Take the 2-minute tour ×
Mathematics Stack Exchange is a question and answer site for people studying math at any level and professionals in related fields. It's 100% free, no registration required.

We are playing a game with my friend and trying to determine who is the better player.

The game has an luck element to it.

The current score is 9-7.

The following questions have risen:

1) How many games we should play to get statistically significant result that one is better than the other? We can assume p=9/16 or p=0,5 and something standard for z.

2) What can we infer from the current game score? We tried binomial proportion confidence interval (we used Wilson score, because N<30). Here are the results. Not sure how to interpret them.. does it mean that with 95%, the probability, at which the game score is 9-7, is within 34%-76%?

share|improve this question
1  
The simple answer is that if the players are at all well matched, more than they are willing to play. –  Ross Millikan Nov 13 '10 at 4:52

1 Answer 1

up vote 1 down vote accepted

I'm not sure I understand your notation, but if we assume that one player wins 9/16 of the time, and we want a confidence of 99.5% (p=0.5%), then we can write the probability that the ratio of 9/16 would arise by chance as a function of the number of games, then solve for the number of games that gives a probability of 0.5%.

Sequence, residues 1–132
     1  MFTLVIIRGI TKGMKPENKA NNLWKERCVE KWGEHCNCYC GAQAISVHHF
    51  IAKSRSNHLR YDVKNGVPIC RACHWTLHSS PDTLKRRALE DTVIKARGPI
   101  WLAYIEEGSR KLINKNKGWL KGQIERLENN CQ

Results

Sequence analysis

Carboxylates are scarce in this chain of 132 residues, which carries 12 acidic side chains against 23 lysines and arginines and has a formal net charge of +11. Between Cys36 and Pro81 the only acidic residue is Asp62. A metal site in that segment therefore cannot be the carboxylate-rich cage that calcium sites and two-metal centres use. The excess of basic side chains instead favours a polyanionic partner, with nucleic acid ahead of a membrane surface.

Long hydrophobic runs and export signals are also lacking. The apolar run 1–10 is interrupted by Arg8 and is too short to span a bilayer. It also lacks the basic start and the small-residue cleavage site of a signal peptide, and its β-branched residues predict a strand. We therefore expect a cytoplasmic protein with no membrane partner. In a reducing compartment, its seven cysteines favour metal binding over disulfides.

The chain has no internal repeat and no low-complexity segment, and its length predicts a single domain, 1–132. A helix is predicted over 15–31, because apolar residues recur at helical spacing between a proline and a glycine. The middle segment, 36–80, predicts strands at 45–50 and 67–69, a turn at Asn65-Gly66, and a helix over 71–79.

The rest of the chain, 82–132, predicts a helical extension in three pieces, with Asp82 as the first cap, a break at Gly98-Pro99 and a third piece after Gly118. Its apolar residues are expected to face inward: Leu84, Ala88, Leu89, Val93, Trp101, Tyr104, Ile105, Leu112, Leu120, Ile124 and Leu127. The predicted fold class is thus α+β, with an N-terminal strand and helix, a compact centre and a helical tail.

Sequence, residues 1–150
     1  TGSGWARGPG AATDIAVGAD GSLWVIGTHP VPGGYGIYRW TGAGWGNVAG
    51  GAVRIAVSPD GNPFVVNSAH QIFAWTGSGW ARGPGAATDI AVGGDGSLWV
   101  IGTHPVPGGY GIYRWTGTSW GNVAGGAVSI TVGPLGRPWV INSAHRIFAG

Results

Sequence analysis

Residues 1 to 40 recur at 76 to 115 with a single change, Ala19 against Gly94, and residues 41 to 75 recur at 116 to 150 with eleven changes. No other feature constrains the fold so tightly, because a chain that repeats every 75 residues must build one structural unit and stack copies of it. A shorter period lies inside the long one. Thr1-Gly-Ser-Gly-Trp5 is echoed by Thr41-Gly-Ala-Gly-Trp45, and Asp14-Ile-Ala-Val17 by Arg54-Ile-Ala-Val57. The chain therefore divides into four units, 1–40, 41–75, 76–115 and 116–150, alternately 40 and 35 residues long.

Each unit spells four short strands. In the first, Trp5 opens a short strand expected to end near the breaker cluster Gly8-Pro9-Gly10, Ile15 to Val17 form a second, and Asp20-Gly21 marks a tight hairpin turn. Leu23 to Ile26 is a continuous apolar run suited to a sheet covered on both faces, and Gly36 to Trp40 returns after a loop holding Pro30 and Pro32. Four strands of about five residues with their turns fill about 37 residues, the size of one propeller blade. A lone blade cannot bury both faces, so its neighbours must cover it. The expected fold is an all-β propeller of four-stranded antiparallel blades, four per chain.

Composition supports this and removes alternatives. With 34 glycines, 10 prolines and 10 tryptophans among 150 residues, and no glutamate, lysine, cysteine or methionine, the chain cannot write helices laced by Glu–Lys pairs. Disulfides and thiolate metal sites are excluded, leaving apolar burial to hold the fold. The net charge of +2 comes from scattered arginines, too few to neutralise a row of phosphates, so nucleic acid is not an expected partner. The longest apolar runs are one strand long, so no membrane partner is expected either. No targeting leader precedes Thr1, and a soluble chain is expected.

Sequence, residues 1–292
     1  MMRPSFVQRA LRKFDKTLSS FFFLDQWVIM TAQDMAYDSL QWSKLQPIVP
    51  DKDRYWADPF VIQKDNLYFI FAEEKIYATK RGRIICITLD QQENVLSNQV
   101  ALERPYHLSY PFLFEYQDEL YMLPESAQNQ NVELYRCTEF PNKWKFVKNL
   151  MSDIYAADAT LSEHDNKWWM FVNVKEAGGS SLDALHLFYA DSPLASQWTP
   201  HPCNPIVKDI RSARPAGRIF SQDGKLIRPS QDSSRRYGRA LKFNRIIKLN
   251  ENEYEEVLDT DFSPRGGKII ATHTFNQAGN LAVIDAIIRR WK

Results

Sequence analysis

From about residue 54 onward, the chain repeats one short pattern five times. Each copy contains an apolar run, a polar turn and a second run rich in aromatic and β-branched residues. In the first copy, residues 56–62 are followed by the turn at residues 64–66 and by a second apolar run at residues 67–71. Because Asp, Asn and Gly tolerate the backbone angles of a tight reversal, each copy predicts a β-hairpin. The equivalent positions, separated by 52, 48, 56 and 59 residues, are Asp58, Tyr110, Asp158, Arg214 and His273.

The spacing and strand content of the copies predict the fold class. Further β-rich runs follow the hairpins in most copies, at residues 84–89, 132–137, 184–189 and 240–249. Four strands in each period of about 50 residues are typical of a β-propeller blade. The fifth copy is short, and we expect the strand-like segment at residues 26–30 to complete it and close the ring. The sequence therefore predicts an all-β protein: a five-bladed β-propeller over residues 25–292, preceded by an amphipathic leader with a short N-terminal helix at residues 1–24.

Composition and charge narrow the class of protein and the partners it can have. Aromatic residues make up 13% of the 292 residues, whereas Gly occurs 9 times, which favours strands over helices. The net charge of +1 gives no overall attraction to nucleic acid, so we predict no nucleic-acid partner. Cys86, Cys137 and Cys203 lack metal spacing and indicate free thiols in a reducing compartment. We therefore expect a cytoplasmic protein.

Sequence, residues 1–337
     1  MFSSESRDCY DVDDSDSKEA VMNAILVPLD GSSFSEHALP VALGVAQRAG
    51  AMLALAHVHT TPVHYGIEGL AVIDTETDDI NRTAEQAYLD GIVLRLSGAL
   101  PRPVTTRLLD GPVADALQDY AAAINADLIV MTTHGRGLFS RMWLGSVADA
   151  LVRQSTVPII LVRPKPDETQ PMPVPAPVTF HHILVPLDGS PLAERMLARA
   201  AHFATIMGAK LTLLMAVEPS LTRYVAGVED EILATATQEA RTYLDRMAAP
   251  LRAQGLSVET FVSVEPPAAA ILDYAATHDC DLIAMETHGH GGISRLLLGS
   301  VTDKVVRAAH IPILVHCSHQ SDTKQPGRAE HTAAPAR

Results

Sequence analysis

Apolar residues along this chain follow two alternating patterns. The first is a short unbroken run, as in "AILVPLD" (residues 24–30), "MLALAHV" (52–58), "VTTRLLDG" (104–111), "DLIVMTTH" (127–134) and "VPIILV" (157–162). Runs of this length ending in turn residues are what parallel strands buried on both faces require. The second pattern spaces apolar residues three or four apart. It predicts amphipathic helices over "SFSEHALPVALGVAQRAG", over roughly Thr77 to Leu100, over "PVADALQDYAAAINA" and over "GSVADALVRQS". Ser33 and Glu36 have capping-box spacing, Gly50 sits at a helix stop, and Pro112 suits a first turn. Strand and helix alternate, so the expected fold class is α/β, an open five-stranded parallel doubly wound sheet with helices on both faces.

Edit: I wrote a function to calculate this for 9/16 and p=5%. The result is that it takes 265 trials (149 wins by one player) to exceed confidence of 95%.

For part (2), you can infer that you can't yet say who is better with 95% confidence. All you can say with 95% confidence is that the "true" outcome is somewhere between 34% and 76%. As long as your confidence interval includes 50%, you can't say who's better.

Here's my sample code in Python (you need the scipy.stats package):

s = 9
n = 16

while binom_test(s, n) > 0.05:
    n += 1
    s += 9.0/16

print n
share|improve this answer
    
Ah, my bad. I used p to determine probability, which seems to be used for confidence. Sorry about that. We would be very interested to see the function you used to calculate the number of trials. Thanks! –  randomguy Nov 12 '10 at 21:00

Your Answer

 
discard

By posting your answer, you agree to the privacy policy and terms of service.

Not the answer you're looking for? Browse other questions tagged or ask your own question.